I’m reaching here, for a useful and accurate definition of the human being. I found one, an interesting one, in the middle of a 1939 novel entitled After Many a Summer Dies the Swan.
That one-sentence definition, tied in my own mind to a recent study of Fritz Lang’s movie from 1929 entitled Woman in the Moon, proved fruitful — fruitful in understanding our old devil Ego, and why ‘he’/'she’ works the way ‘he’/'she’ does.
As They sang once, before a giant forum of human history, “I’m going up the country, baby don’t you want to go.”
Will you come with me, not, this time, to take a “Voyage to the Bottom of the Sea”; but rather, because “I’m going to some place, where I’ve never been before.” To put it another way, let’s play a round of ‘Kick the Can’ !
At Christmas one generally finds oneself getting a little touchy about the exclusion of the Reason for the Season. It’s almost as if one has to lie, in most places, about the reason you’re getting ready. You can barely “keep the main thing the main thing” when you’re not allowed to.
This podcast looks at two cases of artists who insisted they were at odds with the religious Reason for the Season, yet kept writing as if they were under some compulsion to import it back.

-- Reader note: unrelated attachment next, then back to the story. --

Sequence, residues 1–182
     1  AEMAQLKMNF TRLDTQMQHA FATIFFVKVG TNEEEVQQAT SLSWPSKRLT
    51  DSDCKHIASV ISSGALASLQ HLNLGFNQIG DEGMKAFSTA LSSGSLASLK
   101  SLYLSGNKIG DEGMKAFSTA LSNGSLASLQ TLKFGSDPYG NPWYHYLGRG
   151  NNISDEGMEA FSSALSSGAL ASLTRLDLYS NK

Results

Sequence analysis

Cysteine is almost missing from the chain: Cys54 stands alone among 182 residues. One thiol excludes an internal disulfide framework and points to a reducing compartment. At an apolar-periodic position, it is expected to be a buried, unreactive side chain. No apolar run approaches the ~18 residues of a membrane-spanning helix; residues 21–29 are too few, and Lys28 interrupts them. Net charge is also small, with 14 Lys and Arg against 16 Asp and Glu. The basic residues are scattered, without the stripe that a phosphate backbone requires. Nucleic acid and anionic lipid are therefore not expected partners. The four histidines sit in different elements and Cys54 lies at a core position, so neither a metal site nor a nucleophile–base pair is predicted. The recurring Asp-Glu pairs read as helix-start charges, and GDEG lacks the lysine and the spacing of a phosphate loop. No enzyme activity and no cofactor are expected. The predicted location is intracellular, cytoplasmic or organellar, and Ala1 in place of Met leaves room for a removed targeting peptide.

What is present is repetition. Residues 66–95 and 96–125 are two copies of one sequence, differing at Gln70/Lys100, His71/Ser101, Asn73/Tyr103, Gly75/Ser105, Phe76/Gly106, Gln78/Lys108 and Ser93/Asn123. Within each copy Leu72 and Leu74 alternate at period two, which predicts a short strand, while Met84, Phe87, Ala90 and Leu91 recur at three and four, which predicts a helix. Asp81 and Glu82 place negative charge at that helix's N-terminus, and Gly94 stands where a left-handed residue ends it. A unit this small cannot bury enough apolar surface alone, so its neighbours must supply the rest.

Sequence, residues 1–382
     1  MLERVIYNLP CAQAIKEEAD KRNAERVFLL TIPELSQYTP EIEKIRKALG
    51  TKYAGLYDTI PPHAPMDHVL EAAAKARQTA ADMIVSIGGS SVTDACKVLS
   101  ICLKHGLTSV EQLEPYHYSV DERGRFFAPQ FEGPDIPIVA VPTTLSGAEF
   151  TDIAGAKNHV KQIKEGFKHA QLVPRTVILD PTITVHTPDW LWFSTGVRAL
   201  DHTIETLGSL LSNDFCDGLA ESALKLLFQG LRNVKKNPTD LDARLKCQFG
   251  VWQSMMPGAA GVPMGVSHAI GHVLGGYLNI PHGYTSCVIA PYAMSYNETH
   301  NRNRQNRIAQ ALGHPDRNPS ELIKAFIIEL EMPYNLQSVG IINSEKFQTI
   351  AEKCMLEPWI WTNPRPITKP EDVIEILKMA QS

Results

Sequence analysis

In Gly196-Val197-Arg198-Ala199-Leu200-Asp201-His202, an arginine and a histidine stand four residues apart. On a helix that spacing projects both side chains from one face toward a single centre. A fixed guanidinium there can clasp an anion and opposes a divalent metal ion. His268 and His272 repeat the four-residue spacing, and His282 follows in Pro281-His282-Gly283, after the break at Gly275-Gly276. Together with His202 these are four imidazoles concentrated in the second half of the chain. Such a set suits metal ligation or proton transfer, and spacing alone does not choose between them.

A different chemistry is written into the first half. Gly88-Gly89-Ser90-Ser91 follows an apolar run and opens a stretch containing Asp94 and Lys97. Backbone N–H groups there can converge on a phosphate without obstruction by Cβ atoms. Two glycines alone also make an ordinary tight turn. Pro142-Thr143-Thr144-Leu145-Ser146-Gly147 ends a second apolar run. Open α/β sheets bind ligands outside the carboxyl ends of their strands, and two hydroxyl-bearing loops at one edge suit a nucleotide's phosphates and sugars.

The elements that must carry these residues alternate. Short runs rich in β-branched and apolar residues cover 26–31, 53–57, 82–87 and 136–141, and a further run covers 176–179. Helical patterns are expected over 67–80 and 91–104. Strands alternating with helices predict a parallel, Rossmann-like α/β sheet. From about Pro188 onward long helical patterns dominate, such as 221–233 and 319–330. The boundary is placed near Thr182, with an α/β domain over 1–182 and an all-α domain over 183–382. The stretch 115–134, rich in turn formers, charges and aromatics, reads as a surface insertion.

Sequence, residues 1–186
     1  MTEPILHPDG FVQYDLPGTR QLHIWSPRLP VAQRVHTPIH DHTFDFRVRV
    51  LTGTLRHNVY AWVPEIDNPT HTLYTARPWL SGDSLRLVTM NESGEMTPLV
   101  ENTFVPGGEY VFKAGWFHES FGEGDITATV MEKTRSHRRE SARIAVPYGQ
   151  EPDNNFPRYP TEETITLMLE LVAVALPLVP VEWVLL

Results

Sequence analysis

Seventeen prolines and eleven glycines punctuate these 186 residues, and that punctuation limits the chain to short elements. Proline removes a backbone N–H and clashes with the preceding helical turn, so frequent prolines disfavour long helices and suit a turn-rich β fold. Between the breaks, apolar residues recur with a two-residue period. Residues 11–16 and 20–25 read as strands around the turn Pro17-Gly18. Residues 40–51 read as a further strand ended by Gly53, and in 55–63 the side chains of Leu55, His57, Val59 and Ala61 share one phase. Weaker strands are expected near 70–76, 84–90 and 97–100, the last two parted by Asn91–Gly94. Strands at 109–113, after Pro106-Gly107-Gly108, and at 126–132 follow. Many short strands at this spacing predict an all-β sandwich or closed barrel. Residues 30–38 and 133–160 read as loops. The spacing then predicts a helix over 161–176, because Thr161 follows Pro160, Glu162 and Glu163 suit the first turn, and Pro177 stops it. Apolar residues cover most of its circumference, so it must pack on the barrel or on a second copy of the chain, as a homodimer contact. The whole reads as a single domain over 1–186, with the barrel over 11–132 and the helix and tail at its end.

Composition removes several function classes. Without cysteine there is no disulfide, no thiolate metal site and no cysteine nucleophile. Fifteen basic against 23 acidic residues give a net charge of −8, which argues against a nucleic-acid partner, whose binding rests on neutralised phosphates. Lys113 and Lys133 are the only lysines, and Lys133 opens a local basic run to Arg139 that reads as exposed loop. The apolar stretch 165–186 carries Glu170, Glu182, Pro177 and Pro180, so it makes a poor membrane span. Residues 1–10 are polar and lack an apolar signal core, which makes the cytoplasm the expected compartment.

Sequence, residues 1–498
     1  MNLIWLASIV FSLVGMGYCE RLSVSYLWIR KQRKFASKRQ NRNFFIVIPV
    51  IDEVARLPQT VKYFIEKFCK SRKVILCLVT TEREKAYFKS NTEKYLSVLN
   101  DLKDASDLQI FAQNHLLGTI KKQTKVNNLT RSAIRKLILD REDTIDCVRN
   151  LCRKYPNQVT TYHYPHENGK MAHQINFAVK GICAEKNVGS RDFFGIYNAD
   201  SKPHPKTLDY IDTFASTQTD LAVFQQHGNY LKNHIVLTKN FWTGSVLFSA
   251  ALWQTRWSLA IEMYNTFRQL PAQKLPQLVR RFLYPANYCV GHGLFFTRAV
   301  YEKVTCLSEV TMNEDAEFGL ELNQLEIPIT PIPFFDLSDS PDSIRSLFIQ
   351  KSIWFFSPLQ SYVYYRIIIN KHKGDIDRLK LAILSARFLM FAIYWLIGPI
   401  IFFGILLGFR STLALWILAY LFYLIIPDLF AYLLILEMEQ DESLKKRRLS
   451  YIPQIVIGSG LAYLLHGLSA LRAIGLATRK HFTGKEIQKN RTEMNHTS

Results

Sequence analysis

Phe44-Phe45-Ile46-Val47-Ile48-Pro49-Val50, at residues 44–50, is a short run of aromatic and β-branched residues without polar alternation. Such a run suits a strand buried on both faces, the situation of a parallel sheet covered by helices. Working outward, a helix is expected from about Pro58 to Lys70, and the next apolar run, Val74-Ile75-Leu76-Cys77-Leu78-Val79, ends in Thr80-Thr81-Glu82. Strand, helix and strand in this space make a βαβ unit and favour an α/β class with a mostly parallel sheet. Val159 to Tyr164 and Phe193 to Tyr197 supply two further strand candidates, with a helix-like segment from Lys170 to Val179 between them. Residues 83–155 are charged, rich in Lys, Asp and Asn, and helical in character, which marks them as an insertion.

One of these artists was Nigel Kneale, who at the age of 73 shattered a conventional British “middle-brow’ television program with his importation of Gothic religious themes. Kneale’s “persistence of vision” so completely takes over, in his much reviled episode of the popular “Sharpe” series, entitled “Sharpe’s Gold” (1995), that the episode becomes a sterling example of the endurance of religious themes within the mind of an artist.
The second artist is James Gould Cozzens, but this time in the last of his unacknowledged or “orphan” novels, his 1929 The Son of Perdition. For someone so hostile to religion, the Episcopalian Cozzens can’t seem to keep his hands off the subject. “Son” is all about religion.
When the world takes ‘Christ’ out of “Christmas”, the world is falsifying reality. In this podcast, the reality comes crashing back, as it invariably finally does, but through the back door.